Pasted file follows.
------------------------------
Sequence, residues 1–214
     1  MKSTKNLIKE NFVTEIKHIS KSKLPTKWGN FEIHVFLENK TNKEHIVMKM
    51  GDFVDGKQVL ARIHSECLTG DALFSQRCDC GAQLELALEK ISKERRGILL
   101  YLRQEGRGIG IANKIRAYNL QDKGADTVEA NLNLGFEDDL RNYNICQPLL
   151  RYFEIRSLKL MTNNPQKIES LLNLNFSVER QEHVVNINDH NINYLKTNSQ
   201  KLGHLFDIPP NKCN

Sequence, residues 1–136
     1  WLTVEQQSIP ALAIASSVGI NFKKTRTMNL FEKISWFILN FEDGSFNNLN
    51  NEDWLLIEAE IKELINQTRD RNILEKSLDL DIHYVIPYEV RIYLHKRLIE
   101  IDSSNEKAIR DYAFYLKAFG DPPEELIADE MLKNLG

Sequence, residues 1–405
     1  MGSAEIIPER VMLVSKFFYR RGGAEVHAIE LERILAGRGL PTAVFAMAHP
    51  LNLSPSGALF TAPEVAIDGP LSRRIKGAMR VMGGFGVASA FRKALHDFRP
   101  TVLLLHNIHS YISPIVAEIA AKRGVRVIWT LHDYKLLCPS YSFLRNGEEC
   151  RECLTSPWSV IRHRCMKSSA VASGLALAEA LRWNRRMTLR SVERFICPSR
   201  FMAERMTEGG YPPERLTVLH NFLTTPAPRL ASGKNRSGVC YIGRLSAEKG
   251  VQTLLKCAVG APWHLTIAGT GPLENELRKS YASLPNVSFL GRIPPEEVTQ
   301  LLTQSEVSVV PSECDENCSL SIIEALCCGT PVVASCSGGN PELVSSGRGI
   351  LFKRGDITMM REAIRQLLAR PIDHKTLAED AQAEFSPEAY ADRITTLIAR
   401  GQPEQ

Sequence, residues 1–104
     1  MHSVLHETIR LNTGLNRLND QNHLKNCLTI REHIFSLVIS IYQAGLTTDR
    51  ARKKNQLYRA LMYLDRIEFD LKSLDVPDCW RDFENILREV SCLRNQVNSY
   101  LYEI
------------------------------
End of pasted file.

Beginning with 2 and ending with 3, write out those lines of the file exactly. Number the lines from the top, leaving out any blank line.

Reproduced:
     1  MKSTKNLIKE NFVTEIKHIS KSKLPTKWGN FEIHVFLENK TNKEHIVMKM
    51  GDFVDGKQVL ARIHSECLTG DALFSQRCDC GAQLELALEK ISKERRGILL